Another question that came from scribes at the conference was whether there was an arrangement to have teachers vaccinated, the minister said the current available vaccines were not sufficient enough for everyone but priority to be with people with comorbidities, for now.
TSC to announce dates, signing of contracts for contract teachers
The teaching service commission will announce dates and venues for contract signing.
Education minister Lady Howard-Mabuza said there was no need for teachers hired on contract to physically come to the ministry for such activities.
“As we open schools, I urge all stakeholders in education, from my hard working teachers, learners down to public transport operators to be vigilant and keep a safe environment.”
The minister said the safe opening exercise requires a collective effort by the entire community in playing their part in adherence to COVID regulations for the safety of our schools.
“Parents and guardians have the responsibility to ensure that their children wear a clean face mask on a daily basis.” She said parents should also ensure that children do the assignments that will be given to them at school as we implement the blended learning approach
‘Pregnant or not pupils must report to school’
The rate of teenage pregnancy,sexual abuse, child labour and early child marriages has notablyincreased since the closure of schools.
Minister of Education Lady Howard-Mabuza said government’s decision to re-open schools was not because the virus has been contained but done in consideration of the socioeconomic impact of prolonged school closure.
“Learners are urged to return to school, whether pregnant or whatever situation, pupils must engage their head teachers for a way forward,” she said.
The minister went on to request employers who had hired pupils to release them for their return to the classroom. “We appreciate the time they took in employing learners so that they were able to afford toiletry but it’s now back to school,” she pointed out.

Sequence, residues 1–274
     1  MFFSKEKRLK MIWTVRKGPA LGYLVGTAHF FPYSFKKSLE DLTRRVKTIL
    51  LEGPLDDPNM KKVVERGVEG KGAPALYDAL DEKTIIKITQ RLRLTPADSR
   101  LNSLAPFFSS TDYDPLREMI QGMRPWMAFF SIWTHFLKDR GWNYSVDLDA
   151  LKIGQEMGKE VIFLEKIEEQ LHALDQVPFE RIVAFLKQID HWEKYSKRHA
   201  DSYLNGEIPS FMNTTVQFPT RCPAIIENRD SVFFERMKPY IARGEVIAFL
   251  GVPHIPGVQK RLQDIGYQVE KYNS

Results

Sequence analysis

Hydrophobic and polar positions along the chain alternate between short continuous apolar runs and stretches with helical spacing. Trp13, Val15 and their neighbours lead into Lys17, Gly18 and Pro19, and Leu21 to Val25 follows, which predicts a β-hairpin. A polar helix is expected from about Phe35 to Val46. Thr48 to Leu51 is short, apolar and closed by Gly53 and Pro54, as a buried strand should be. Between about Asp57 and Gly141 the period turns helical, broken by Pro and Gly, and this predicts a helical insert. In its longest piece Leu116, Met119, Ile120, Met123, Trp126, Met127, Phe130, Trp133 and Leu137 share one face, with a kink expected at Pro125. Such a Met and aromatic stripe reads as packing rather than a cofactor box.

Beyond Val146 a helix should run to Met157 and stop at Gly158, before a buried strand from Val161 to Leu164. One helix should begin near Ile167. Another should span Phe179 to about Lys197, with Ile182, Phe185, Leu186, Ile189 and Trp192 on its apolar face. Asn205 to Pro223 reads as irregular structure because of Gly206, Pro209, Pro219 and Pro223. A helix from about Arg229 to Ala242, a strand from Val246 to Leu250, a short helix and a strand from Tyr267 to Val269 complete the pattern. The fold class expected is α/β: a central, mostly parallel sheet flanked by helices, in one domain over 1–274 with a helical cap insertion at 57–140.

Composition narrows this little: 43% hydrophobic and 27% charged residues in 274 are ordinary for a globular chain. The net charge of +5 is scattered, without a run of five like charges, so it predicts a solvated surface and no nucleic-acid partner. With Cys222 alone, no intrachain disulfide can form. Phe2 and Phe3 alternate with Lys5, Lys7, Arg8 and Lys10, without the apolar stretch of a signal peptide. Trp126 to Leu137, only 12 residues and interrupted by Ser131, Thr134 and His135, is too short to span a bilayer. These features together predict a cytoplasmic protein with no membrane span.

With the above said, the excitement of this announcement should not allow us to let our guard down, the minister cautioned. “The virus is still deadly and hence requires stringent adherence to COVID-19 regulations and guidelines,” she said.
“To all the learners who have been affected by being out of school, either through pregnancy, employment or discouraged to learn, I urge you all to return to school.
“Psychological services for all affected students will be provided by the guidance teams in schools.”
How pupils will learn in shifts, compressed syllabus
As means of addressing the issue of social distancing in schools, the ministry developed a plan detailing a blended approach to teaching and learning.
This means specific levels will be allowed for school face-to-face instructional time on specific days and give them assignments to do while they are at home.
In recognising that there is a lot of learning material to recover, the ministry developed a compressed curriculum for all subject areas.
“Head teachers should ensure that they fetch these resource materialsfrom their regional education offices so that their teachers adapt to it for teaching following a recorded video which guide them on how to work handle the curriculum,” the minister said. Moreover, the ministry developed a COVID-19 training module which all teachers are expected to teach to learners on the first week of reopening.
“The ministry believes knowledge is the most effective way to ensure that learners adhere to these guidelines and will further pass this information to their parents and communities.”